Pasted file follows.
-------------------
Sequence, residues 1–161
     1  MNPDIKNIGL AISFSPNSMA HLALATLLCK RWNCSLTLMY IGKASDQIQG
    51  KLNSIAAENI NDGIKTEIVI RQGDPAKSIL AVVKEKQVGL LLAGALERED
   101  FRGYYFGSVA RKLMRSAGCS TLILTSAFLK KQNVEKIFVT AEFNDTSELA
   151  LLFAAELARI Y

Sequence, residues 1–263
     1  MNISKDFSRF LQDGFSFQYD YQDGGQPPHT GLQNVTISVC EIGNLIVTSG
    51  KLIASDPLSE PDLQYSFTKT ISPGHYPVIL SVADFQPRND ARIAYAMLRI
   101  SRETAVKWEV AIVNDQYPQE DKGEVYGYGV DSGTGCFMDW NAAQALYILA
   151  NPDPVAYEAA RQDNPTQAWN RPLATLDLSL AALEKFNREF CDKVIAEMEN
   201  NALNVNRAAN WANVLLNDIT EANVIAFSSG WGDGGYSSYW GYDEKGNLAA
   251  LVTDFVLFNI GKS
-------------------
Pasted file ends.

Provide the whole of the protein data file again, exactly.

Sequence, residues 1–161
     1  MNPDIKNIGL AISFSPNSMA HLALATLLCK RWNCSLTLMY IGKASDQIQG
    51  KLNSIAAENI NDGIKTEIVI RQGDPAKSIL AVVKEKQVGL LLAGALERED
   101  FRGYYFGSVA RKLMRSAGCS TLILTSAFLK KQNVEKIFVT AEFNDTSELA
   151  LLFAAELARI Y

Sequence, residues 1–263
     1  MNISKDFSRF LQDGFSFQYD YQDGGQPPHT GLQNVTISVC EIGNLIVTSG
    51  KLIASDPLSE PDLQYSFTKT ISPGHYPVIL SVADFQPRND ARIAYAMLRI
   101  SRETAVKWEV AIVNDQYPQE DKGEVYGYGV DSGTGCFMDW NAAQALYILA
   151  NPDPVAYEAA RQDNPTQAWN RPLATLDLSL AALEKFNREF CDKVIAEMEN
   201  NALNVNRAAN WANVLLNDIT EANVIAFSSG WGDGGYSSYW GYDEKGNLAA
   251  LVTDFVLFNI GKS